A cool breeze was blowing as I stood in the balcony very stiff. The cold wind had a soothing effect on my throbbing face. The dilemma of what to cook for the guest now started haunting me, I could hear my blood passing through my ears, and I was getting trapped in my own inability to decide. Just then the calmness outside made me remember the old virtues of cooking my Boro Didu used to tell me. She used to tell by feeding someone you are not only nourishing his stomach but also his heart and spirit.
Suddenly a mysterious force compelled me to go inside straight to the kitchen, I heard as if my great grandmother whispered into my ears to make “Khichdi” for the guest.
Every house in India has their own version of khichdi. It’s one of those recipes that get passed down, from mothers to daughters with constant improvements as you move on. But in our house the way my great grandma made it, was definitely our all time favourite. This version has whole spices, chunks of potatoes and other vegetables that became so soft that they almost melted into your mouth, and the secret tip of her was where she used to roasts the lentils (dal) and rice just a little before she added water. This tasty, healthy and delicious one pot meal with a thick porridge type consistency was her trade make. Many a times we used to foolishly object to her making Khichdi, but then she used to console us by saying that even in ayurveda moong dal khichdi neutralizes the three doshas – kapha, pitta and veta as it was the best detox diet.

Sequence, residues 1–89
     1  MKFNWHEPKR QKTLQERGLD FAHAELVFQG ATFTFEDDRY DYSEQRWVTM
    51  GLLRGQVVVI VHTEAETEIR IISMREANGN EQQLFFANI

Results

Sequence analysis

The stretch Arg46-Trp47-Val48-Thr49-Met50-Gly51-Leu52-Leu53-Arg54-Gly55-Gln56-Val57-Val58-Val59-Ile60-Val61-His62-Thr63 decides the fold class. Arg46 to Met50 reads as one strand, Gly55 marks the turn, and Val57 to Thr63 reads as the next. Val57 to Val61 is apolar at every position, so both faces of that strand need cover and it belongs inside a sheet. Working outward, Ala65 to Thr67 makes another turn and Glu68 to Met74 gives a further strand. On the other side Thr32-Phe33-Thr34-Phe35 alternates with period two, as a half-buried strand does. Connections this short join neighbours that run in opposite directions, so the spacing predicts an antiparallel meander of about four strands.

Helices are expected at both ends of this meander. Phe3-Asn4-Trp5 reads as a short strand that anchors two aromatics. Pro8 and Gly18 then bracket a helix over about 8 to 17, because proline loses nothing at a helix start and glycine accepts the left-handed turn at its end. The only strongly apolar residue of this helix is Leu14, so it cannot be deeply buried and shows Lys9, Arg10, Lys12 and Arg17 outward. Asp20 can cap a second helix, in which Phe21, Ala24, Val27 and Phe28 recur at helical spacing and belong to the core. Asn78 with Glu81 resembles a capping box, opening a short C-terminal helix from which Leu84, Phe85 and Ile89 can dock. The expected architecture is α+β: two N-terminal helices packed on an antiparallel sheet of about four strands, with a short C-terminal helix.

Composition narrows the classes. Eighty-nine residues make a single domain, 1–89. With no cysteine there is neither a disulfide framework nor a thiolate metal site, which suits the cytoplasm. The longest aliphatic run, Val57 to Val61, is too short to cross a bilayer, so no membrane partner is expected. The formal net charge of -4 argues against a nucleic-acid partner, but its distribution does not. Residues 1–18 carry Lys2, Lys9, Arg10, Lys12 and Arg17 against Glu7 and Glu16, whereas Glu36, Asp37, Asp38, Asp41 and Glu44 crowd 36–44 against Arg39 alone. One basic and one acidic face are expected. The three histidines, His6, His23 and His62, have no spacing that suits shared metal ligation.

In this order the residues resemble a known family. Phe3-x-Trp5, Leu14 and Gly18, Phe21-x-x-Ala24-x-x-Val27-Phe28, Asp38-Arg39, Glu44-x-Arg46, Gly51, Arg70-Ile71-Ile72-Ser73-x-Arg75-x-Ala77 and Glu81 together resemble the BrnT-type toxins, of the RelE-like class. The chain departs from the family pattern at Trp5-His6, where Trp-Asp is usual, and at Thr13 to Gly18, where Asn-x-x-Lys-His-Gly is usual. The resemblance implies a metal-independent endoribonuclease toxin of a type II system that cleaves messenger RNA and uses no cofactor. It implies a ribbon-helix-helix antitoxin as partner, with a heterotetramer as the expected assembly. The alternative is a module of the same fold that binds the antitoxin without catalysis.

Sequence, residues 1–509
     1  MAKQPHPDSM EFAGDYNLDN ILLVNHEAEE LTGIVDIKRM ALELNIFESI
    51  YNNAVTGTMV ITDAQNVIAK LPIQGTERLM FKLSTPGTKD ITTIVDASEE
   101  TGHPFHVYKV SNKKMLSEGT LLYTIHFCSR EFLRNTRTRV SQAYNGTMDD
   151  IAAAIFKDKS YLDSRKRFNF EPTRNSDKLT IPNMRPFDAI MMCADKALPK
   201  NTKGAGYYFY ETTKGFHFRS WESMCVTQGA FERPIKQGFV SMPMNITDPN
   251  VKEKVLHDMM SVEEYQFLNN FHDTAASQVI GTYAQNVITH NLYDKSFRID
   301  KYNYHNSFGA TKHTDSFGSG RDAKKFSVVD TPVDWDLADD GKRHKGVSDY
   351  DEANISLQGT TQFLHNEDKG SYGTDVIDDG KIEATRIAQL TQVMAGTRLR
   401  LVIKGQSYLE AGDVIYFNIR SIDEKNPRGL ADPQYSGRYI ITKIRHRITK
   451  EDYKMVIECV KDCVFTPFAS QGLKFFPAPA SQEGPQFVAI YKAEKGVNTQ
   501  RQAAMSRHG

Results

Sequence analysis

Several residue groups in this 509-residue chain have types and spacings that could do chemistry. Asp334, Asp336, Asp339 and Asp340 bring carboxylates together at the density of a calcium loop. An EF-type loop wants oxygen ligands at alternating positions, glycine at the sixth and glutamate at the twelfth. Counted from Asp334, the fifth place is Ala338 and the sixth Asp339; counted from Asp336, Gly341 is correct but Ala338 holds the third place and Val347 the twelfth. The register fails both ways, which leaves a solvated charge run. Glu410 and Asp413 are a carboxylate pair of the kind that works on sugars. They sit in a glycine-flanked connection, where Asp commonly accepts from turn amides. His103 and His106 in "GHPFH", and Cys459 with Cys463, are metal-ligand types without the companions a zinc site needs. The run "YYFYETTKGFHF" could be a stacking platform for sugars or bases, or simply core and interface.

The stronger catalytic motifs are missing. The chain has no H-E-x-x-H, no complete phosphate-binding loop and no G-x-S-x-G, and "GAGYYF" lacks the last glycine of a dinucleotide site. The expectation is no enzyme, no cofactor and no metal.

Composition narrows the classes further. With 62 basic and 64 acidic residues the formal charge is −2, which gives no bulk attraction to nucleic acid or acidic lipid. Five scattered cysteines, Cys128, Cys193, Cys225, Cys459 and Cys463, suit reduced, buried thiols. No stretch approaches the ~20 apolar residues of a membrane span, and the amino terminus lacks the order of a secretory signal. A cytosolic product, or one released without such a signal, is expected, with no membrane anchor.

I soon realized that indeed khichdi was the solution. I started to work as if someone was guiding me mentally. The required quantity combination of rice and two varieties of lentils (dals) – moong and arhar was put on a big pot. My hands worked on its own and within no time I was cutting carrots, beans, potatoes and cauliflowers into perfect diced shape like a professional chef.
Without even realizing I got the frozen green pees from the fridge and defrosted it. Everything was happening on its own as if I was under a splendid spell. Surprisingly for the spices – Cumin Seeds, Peppercorns, Bayleaves, Cardamoms, Turmeric, Chili Powder and even Salt, which was always a bother to locate, I didn’t struggle at all my hands went right where it was neatly kept in small plastic containers. I didn’t have a clue, how in next half an hour steaming hot Khichdi was ready to be served. Just when I got busy in distribution a divine intervention stopped me to put the topping of ghee exactly like my great grandmother would have done. It seemed as if I was under a mesmerizing charm and all this cooking and serving slowly changed from a herculean effort to a scintillating and joyous realization.
After I wrapped up the dinner fiasco, of all the countless comforting things said by guest, friends and relatives before leaving only one compliment was unvaried regarding the sublime taste of Khichdi they had that night. However for me it was as if my great grandma had made her last supper through me and kept her legacy alive.
By Udita Mukherjee